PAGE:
NEW DELHI – TNN – : Left parties on Friday slammed the BJP government for the “deepening crisis” in the Indian economy and said concessions and doles were being handed out to corporates at the expense of farmers.
Referring to the government’s decision as a “definite fascist trend” in the country, CPM chief Sitaram Yechury said Modi government provided relief of over Rs 2.25 lakh crore to the rich in India but shied away from helping farmers forced to commit suicide due to farm distress.
The Left convention, attended by all Left parties including CPM, CPI, All India Forward Bloc and Revolutionary Socialist Party,
also announced that they will hold nationwide protests against the government from October 10 to 16.
“Unemployment is at its highest level in 50 years. Industries and businesses are ruined and people are suffering job losses,” Yechury claimed.
CPI general secretary D Raja stressed the need to save the working class people and deprived sections of the society. “The Indian economy is in shambles. Instead of retrieving it, the RSS-BJP combine have plunged the country in a political-social crisis,” Raja said, referring to the government’s decision to scrap Article 370, impose NRC in Assam and the rise in instances of mob lynchings..
Some times ago Nita Bhalla reported for Reuters that: ‘ Indian farmers hit by drought and debt displayed the skulls of fellow farmers, believed to have committed suicide, and placed live rats in their mouths at a protest calling on Prime Minister Narendra Modi to save them from starvation.
The farmers, who traveled to the Indian capital from the southern state of Tamil Nadu, say lack of rains over the last year have led to crop failure, forcing many to take loans from banks and moneylenders to survive. “These skulls are all that remains of our brothers who killed themselves because they could not repay their debts,” said P. Ayyakannu, president of South Indian Rivers Linking Farmers Association, sitting by a row of eight human skulls.
More than 12,600 farmers and agricultural laborers committed suicide in 2015 alone – making up almost 10 percent of all suicides in India
“It has come to the stage where hundreds of farmers are committing suicide due to the pressure of not being able to repay these loans, yet our prime minister is doing very little. We are here to demand Modi help us and write-off these debts.”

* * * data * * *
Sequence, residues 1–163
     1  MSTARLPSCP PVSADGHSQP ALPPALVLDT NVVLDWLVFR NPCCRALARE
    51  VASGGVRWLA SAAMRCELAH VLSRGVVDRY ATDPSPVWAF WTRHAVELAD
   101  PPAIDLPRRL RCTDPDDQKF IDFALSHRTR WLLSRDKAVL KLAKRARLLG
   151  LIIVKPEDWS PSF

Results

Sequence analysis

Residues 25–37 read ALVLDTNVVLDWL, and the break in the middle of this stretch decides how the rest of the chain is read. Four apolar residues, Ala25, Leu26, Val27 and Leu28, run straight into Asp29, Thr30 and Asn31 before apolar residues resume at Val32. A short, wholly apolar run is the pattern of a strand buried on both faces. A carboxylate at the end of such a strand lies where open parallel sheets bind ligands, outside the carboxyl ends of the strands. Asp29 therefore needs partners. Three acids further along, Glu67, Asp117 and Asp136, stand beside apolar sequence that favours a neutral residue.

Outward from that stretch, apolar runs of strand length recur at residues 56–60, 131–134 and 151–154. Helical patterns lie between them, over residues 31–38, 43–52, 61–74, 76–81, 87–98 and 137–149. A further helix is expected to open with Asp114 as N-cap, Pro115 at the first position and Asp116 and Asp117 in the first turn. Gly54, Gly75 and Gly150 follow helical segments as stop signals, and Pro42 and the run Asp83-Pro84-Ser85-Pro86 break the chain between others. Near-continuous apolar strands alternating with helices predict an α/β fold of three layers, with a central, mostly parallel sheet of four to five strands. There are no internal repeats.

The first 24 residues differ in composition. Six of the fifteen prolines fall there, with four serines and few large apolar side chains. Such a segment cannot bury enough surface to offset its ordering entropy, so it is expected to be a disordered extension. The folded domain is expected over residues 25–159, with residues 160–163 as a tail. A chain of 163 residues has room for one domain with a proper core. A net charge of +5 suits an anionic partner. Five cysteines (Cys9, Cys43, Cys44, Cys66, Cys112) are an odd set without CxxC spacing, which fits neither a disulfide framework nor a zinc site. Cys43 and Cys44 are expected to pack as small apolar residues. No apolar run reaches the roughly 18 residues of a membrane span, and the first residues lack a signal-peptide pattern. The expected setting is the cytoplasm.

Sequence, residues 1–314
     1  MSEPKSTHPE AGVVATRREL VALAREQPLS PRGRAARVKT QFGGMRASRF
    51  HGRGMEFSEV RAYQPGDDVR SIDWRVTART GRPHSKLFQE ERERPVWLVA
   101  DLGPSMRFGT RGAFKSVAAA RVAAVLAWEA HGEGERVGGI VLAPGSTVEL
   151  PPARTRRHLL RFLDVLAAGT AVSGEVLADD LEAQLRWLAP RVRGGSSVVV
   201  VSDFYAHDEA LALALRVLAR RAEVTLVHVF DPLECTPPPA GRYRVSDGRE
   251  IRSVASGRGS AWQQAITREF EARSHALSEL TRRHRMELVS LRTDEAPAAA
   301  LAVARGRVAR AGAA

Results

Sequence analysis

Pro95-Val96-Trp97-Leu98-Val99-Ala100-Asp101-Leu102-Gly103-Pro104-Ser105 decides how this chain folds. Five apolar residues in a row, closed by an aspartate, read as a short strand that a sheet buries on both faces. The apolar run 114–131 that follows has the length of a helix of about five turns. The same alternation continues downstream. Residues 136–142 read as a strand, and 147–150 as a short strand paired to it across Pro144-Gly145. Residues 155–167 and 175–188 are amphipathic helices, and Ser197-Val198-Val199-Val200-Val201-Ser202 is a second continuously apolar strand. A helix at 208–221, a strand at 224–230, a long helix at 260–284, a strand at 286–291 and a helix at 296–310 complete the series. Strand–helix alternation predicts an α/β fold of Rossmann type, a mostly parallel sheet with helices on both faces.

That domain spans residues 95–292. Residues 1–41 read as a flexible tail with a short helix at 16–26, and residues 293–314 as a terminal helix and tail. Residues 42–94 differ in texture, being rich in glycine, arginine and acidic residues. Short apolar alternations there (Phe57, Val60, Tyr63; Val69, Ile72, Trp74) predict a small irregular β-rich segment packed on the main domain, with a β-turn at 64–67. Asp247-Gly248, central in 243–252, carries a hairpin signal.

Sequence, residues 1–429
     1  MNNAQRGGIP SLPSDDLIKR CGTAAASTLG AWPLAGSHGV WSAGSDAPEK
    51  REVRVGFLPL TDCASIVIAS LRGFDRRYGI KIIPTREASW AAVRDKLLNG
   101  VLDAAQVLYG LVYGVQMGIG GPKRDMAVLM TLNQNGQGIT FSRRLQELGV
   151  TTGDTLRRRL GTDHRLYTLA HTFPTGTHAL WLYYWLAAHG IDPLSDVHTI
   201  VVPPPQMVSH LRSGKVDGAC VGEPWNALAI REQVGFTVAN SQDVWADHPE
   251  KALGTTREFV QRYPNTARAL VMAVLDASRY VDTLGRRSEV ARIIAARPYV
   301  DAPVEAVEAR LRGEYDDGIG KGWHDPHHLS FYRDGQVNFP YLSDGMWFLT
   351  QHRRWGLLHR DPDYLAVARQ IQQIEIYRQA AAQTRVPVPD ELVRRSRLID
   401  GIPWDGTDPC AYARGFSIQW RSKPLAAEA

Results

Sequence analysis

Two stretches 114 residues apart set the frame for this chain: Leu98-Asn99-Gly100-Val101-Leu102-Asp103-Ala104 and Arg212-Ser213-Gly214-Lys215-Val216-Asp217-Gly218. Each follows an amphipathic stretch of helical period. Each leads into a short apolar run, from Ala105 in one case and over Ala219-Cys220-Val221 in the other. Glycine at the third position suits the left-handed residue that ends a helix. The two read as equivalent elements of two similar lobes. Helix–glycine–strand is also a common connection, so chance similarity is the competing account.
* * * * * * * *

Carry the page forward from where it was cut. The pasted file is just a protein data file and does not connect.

It was not, though, verified if the skulls on display at the protest in Delhi’s city center belonged to farmers who had committed suicide. Tens of thousands of Indian farmers have killed themselves over the last decade – by drinking pesticides or hanging themselves from trees – as unseasonal rains and drought combined with lower global commodity prices have hurt farm incomes.
More than 12,600 farmers and agricultural laborers committed suicide in 2015 alone – making up almost 10 percent of all suicides in India, according to the National Crime Records Bureau (NCRB). Almost 60 percent of the suicides were caused by bankruptcy and indebtedness or farming-related issues, said the NCRB and almost three-quarters of victims were farmers cultivating land plots of less than two hectares (five acres).
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“These skulls are all that remains of our brothers who killed themselves because they could not repay their debts.”
Since sweeping to power almost three years ago, Modi has introduced a national crop damage insurance scheme, promised to improve irrigation and input subsidies to farmers if one-third of their crop is damaged. But farmers’ unions say the implementation of these measures has been slow.
In the searing midday heat, over 100 farmers dressed in green turbans and loincloths sat bare-chested on the roadside. They chanted slogans and shared stories of watching their rice and cotton crops wither away, and spoke of borrowing money to pay their children’s school fees, buy food and even to repay existing debts. Some held up large white rats and placed the squirming rodents between their teeth — saying they would be forced to eat them in order to avoid starvation.
“This is not just about the farmers in Tamil Nadu, but about farmers all over India. We are all facing the same problems,” said Rakesh Tikait, president of the Bhartiya Kisan Union, a union representing thousands of farmers in northern India.
This piece was first published in Reuters. Reporting by Nita Bhalla, Editing by Ros Russell.